Baylor’s Institute for Studies of Religion is hosting a major conference April 7-9, 2011, The King James Bible and the World It Made, 1611-2011. Confirmed speakers include: Robert Alter (University of California, Berkeley), David Bebbington (University of Stirling), Philip Jenkins (Baylor Institute for Studies of Religion), Laura Knoppers (Penn State University), Alister E. McGrath (Kings College, London), Mark Noll (University of Notre Dame), Lamin Sanneh (Yale University), N.T. Wright (University of St. Andrews). There is a call for papers, if you are interested in submitting a proposal.
The year 2011 marks the four hundredth anniversary of one of the landmark events in the history of Christianity: the publication of the King James Bible.
In 1611, England issued its official translation of the complete Bible, a masterful work that laid the foundation for an emerging Christian culture in the English-speaking world. At the time, it was not obvious that the new translation would have the impact that it did, but it was soon clear that the King James Bible would overcome its competitors, as it provided a magnificent new standard by which all later works would be judged. It would indelibly mark the literature and culture of England, America, and all regions across the globe touched by Britain’s empire. From small rural churches to great halls of power, the ideas and words of the King James Version helped form a new culture rooted in the Bible: the modern culture of the English-speaking world.To celebrate and reflect upon the incomparable influence of the King James Bible, Baylor University will host “The King James Bible and the World It Made, 1611-2011,” on April 7-9, 2011. Organized by Baylor’s Institute for Studies of Religion, this conference will be one of the preeminent international events recognizing this auspicious moment in the history of Anglo-American and world Christianity. It will assemble distinguished scholars from around the globe to consider the history and ramifications of the Bible in English.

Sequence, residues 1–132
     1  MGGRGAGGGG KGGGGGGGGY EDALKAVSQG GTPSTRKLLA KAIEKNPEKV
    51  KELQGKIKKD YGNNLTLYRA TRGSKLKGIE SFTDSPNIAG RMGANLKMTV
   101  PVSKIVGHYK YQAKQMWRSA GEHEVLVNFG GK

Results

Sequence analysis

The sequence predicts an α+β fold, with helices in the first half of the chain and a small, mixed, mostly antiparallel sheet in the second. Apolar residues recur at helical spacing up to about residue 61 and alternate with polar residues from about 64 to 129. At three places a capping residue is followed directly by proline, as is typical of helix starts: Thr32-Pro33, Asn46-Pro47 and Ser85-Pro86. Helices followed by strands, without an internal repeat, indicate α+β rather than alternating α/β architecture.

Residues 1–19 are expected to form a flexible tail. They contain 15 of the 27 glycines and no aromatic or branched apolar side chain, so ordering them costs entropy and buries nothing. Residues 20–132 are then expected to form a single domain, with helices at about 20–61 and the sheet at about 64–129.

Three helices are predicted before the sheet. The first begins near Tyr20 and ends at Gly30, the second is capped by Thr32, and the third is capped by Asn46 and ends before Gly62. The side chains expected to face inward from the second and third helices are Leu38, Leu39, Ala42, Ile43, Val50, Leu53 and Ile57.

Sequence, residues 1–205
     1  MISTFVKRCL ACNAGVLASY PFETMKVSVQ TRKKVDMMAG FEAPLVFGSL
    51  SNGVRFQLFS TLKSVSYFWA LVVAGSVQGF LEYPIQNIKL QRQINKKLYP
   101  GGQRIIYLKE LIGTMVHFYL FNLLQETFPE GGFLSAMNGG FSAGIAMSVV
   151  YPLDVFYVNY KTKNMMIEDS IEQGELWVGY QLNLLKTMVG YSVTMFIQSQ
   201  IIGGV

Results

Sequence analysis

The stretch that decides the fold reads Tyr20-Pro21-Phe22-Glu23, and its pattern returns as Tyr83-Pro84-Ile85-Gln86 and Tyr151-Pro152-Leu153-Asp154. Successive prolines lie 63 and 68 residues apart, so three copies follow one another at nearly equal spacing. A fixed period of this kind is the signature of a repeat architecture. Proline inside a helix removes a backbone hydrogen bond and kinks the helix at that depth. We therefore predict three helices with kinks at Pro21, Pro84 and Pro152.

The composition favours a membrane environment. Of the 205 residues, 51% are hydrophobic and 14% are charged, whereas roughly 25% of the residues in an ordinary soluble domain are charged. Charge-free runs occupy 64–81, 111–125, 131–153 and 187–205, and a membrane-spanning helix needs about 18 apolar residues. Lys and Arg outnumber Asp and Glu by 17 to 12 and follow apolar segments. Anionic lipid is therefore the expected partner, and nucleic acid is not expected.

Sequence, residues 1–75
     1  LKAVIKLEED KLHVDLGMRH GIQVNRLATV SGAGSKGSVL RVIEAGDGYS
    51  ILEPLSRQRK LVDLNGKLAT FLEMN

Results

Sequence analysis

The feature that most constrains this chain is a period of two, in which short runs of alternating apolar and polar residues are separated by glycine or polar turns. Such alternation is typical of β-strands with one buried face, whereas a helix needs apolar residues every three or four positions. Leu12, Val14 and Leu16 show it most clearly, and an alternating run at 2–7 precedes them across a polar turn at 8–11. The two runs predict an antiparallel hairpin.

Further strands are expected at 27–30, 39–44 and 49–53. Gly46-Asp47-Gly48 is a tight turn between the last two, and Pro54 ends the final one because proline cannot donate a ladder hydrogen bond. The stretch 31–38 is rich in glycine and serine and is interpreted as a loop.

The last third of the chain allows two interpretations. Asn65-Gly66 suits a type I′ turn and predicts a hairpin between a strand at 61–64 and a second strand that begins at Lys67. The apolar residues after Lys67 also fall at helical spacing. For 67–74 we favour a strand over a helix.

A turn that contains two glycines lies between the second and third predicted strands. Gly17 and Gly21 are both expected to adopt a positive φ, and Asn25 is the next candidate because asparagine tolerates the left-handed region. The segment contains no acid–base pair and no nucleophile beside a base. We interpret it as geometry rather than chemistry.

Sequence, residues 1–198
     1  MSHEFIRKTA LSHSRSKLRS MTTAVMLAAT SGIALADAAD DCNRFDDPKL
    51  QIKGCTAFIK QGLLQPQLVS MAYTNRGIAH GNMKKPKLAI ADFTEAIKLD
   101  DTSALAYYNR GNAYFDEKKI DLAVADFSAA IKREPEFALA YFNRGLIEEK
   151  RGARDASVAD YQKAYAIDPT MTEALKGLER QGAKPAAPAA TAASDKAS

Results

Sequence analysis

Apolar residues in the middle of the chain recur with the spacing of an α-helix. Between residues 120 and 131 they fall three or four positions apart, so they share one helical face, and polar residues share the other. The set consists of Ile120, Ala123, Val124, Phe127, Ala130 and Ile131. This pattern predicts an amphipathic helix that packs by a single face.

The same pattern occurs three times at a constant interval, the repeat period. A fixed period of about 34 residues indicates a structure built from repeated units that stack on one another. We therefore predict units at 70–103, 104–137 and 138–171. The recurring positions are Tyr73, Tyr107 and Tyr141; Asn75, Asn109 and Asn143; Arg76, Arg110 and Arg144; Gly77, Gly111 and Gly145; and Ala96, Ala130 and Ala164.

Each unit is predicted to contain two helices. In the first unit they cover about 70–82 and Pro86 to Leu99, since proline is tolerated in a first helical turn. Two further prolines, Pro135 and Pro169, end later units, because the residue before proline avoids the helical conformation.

Major conference themes will include the way that the King James Bible created a common literary and religious culture in the English-speaking world; the significance of vernacular translation for Christian growth and development; and the challenges posed by recent declines in biblical literacy and the end of the King James’s dominance as the Bible translation for English-speaking Christians.
I am proud to say that I serve as a resident scholar in the Institute for Studies of Religion.